The simple combination of thinly sliced roasted beets, drizzled with olive oil, and topped with homemade fresh mint pesto is a delicious summer treat.
Beets are a root vegetable that have a distinct earthy-sweet taste. An anti-inflammatory, high-water food, beets are a good source of vitamins, like folate (vitamin B9), vitamins C and K, and minerals, like potassium and iron. They are also a relatively good source of fiber.
When consumed regularly (not just once or twice a year!), beets may help with weight management (as a high-water and high-fiber food, they can promote satiety and a feeling of fullness). Beets can help lower blood pressure, improve athletic performance, and can help prevent constipation.
That said…beets do contain sugar; in fact, white table sugar often comes from sugar beets. Beets are considered a medium glycemic vegetable, though their glycemic load is 5, which is considered low. If you struggle with blood sugar issues, it is best to eat beets in smaller amounts compared to non-starchy vegetables, like leafy greens, broccoli or zucchini, which are often considered “unlimited” foods.
It is also important to know that beets are a source of fructans, a type of storage carbohydrate made up of a chain of fructose molecules. The fructose that makes up fructans is one type of FODMAP (fermentable oligo-, di-, mono-saccharides and polyols). If you have IBS; or you have been diagnosed with fructan intolerance; or you are following a low-FODMAP eating plan, beets may not be an ideal food for you to consume. Again, this depends on your level of sensitivity.
A unique phenomenon of eating beets is that you may experience beeturia, when the dark red pigments in beets (which also stain your hands!) turns the color of your pee or poop red or pink after you eat beets. Your stool may have a dark red-black color up to 2 days after eating beets.
For delicious and natural whole food summer sweetness, try this simple roasted beets recipe.
Roasted Beets with Fresh Mint Pesto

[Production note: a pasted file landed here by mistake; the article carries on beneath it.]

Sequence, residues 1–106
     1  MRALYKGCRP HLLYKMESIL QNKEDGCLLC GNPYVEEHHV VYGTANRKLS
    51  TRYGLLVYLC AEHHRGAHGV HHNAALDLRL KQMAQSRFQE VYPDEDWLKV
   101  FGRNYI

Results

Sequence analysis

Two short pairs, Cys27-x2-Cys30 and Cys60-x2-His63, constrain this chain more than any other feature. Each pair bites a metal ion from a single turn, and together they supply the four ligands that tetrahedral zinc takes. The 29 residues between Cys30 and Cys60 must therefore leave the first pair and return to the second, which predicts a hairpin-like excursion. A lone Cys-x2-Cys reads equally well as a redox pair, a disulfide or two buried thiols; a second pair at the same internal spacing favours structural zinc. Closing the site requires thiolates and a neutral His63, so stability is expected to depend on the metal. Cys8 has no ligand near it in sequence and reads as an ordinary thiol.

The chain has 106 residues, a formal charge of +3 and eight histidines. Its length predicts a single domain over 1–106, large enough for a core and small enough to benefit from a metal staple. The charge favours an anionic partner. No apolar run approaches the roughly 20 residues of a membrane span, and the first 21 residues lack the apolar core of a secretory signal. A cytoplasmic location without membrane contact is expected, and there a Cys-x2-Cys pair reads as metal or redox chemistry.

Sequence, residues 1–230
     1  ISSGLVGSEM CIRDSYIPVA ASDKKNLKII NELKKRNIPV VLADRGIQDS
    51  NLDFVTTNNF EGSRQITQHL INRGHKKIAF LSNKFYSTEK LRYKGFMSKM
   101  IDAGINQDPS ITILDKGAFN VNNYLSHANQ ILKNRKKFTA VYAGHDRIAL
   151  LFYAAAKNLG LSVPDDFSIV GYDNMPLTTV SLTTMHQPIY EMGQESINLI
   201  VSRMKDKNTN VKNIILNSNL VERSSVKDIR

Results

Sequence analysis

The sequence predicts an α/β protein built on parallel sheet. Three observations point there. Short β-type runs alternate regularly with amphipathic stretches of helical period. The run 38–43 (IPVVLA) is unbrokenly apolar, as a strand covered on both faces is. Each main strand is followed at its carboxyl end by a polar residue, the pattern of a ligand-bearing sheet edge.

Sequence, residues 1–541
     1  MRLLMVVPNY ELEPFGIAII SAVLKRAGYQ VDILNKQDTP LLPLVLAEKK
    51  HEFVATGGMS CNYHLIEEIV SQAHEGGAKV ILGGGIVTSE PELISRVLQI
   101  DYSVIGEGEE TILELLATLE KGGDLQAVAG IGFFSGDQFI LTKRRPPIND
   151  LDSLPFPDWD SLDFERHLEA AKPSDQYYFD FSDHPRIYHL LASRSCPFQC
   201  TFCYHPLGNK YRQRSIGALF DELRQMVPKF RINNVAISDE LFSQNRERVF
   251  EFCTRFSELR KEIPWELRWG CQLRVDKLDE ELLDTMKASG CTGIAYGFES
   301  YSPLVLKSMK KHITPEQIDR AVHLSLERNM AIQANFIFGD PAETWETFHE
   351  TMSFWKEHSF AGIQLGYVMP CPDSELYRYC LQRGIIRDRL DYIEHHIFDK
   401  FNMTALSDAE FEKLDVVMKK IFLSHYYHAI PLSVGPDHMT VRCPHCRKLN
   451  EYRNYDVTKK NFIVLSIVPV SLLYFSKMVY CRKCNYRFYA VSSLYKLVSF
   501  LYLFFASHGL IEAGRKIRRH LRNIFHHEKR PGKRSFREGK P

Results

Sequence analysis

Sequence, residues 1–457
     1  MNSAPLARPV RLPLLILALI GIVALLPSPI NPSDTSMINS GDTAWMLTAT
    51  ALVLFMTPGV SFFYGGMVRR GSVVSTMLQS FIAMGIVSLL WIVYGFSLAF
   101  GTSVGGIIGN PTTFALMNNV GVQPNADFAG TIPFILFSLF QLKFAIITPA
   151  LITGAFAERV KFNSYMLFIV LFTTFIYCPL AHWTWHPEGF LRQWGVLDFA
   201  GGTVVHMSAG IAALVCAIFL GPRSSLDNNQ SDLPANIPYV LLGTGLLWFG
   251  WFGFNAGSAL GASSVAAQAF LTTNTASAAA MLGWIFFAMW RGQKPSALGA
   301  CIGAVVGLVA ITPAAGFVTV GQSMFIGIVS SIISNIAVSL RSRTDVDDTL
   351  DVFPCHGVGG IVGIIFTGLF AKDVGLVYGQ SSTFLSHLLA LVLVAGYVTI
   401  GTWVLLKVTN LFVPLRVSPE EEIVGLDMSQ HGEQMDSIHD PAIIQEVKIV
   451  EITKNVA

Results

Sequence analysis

Serves: 2 to 4
1 to 2 bunches beets
Preheat oven to 350°F. Line a heavy-bottomed rimmed baking sheet with parchment paper.
Cut off the beet greens. Trim ends of beets (on both sides). Wash beets well; then, pat dry. Drizzle beets with olive oil. Wrap beets in parchment paper, then wrap in aluminum foil. (Do not wrap aluminum foil directly over the beets as aluminum is heavy metal).
Place wrapped beets on the parchment paper-lined baking sheet.
Place baking sheet on center rack in oven and roast 45 minutes. Unwrap foil and parchment paper. Slide a knife into the beets; if they are still firm, discard the parchment paper and aluminum foil; place beets directly on the parchment-lined baking sheet and roast another 30 to 45 minutes; or, until a knife inserted in each beet slides out easily.
When cool enough to handle, peel skin from the beets and slice thinly. Arrange beet slices on a serving plate. Drizzle with olive oil, then, top beets with fresh mint pesto (see recipe below).
You can also sprinkle finely chopped mint over the beets.
Yield: Apx. 1 cup
4 cups mint leaves, washed and spun dry
4 medium garlic cloves, peeled and roughly chopped
1 teaspoon Celtic sea salt
1/3 cup fresh lime juice
1/2 to 3/4 cup extra-virgin olive oil
Place mint leaves, garlic, Celtic sea salt and lime juice in a large food processor bowl. Pulse, while drizzling in the olive oil, pulsing until smooth, creamy and well blended.